Abraham sold out his wife Sarah and offered up his son—but God still used him. Moses was a murderer—but God still used him. King David was a betrayer, a conniver and a cheater—but God still used him. Ruth did what she had to get by in a patriarchal society. Ruth took advantage of the system to get what she needed. She used every trick in the book. But somehow God still found a way, and Godstill used her to bring hope where there was none and brought a blessing beyond her immediate sight.

You may be a liar and a cheat. But God can still use you. You may have hurt everyone you know. God can still use you. You may be an addict or a recovering one. God can still use you. You may be a middle class white guy who wishes life could be more interesting and laments that he's not doing more. Yes, God can still use you, even you. And will.   

This is why the cross stands at the center of the story, and why the cross stands on the wall above our heads today. That even in humanity’s worst sin, our brokenness, God can somehow bring about blessing. That even out of our worst failures, God can bring about a future. God is bringing new life.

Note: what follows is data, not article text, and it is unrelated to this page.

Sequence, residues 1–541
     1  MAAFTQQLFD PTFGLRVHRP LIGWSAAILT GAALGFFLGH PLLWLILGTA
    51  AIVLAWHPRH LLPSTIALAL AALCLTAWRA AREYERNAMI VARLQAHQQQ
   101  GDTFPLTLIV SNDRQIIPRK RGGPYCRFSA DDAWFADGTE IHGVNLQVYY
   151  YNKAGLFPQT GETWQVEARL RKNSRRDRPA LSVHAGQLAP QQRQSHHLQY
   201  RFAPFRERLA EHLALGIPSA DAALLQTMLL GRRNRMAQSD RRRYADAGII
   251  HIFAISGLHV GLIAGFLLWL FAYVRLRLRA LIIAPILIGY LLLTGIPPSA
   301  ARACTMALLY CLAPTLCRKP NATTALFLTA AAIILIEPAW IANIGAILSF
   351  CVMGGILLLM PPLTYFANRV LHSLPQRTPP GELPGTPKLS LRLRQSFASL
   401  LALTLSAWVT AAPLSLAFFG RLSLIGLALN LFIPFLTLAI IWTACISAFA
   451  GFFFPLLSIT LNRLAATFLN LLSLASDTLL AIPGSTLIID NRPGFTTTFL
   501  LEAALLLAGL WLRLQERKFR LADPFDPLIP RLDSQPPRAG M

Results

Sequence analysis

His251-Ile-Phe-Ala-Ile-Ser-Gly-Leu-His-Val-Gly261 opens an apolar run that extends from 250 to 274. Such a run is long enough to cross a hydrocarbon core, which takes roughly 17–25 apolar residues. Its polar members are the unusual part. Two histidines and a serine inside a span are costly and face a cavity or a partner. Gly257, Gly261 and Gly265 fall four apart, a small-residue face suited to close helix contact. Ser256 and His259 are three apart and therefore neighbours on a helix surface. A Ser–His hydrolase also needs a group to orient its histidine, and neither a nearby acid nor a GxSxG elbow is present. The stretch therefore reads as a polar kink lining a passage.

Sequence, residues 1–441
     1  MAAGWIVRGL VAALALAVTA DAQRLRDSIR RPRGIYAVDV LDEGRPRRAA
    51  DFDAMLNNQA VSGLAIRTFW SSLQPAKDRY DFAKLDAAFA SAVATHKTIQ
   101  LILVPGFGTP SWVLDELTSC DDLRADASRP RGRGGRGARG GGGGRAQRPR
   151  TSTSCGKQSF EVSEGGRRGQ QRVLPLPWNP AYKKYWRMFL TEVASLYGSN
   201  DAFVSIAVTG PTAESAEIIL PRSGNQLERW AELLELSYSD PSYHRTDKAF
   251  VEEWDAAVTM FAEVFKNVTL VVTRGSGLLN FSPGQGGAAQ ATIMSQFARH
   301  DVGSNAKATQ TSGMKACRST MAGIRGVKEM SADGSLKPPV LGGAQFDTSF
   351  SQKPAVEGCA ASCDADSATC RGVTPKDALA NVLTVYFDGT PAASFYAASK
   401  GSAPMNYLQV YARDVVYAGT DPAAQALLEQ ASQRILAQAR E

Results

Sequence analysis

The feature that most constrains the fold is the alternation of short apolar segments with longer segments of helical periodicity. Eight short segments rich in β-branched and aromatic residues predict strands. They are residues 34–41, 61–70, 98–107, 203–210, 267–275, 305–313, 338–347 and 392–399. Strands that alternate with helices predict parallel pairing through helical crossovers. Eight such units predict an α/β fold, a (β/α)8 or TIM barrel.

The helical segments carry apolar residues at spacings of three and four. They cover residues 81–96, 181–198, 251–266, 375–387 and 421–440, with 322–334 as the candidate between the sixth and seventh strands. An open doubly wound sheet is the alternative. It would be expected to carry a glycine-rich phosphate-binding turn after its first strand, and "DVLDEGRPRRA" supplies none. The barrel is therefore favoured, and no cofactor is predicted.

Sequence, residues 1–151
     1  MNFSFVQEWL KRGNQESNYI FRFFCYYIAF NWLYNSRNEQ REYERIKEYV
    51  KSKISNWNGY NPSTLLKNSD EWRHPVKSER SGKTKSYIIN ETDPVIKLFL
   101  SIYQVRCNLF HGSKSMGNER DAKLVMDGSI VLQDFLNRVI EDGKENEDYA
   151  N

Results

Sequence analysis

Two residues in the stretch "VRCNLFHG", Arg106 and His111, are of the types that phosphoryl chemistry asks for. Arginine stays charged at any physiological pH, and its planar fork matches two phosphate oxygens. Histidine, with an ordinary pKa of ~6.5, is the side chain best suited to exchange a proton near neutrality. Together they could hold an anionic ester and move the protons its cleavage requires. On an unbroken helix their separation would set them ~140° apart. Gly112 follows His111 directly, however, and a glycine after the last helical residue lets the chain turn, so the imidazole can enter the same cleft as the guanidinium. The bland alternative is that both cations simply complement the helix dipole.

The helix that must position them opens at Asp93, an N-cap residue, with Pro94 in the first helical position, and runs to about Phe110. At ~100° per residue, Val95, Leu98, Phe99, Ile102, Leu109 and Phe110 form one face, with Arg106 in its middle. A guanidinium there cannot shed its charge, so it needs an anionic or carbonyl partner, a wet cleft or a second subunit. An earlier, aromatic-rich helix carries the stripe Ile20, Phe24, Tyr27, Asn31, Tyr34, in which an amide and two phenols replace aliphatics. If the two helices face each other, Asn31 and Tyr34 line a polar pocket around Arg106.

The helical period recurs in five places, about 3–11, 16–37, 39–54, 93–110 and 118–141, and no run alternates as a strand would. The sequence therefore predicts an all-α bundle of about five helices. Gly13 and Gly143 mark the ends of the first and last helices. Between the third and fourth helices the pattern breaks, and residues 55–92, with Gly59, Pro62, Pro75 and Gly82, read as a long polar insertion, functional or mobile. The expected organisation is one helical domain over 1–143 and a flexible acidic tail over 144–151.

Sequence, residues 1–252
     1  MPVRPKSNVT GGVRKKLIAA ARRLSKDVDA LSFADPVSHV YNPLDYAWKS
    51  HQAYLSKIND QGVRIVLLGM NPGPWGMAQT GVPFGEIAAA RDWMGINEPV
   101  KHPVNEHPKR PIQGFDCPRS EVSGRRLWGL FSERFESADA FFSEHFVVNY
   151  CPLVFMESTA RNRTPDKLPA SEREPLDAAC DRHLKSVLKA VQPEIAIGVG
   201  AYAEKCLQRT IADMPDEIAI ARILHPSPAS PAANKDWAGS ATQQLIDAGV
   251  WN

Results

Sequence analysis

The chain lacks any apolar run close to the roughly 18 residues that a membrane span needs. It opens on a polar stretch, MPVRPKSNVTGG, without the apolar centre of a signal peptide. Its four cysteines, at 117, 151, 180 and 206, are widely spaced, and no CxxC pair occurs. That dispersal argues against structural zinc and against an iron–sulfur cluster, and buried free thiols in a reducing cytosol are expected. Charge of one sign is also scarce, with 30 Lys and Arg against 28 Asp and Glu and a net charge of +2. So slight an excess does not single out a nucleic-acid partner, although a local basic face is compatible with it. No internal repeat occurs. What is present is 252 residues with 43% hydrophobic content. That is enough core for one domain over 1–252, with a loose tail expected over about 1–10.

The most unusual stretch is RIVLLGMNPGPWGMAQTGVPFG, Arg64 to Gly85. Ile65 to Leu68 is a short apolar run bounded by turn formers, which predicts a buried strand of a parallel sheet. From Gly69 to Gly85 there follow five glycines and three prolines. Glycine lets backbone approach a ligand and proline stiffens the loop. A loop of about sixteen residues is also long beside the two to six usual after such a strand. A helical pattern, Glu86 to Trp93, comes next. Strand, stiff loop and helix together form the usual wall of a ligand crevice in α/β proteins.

So “Ring the bells that still can ring, forget your perfect offering, there’s a crack in everything—it’s how the light gets in” (with thanks to Leonard Cohen).

Light out of darkness. Peace out of war. Life out of death. And blessing out of brokenness.

And for this, thanks be to God. Amen.

Sermon: "Ordinary Saints," Ruth 1:1-18, All Saints Day - Sunday, November 1st, 2015

The service was centered on Ruth 1:1-18, the opening chapter in the book of Ruth. In this initial passage, in a stirring speech Ruth the Moabite swears loyalty to her Israelite mother-in-law Naomi. The Moabites were the sworn enemies of Israel, and Ruth risks all by leaving her own people and is adopted by a new people—Israel. 

The Book of Ruth tells the story of how a widow, Naomi; her daughter-in-law from Moab, Ruth; and a wealthy farmer from Bethlehem, Boaz, make possible the birth of Obed, the grandfather of King David. The book of Ruth shows how the actions and commitments of ordinary and even unexpected people such as foreigners and widows can change the course of history for the better. 

"Ordinary Saints"
Rev. Ryan Slifka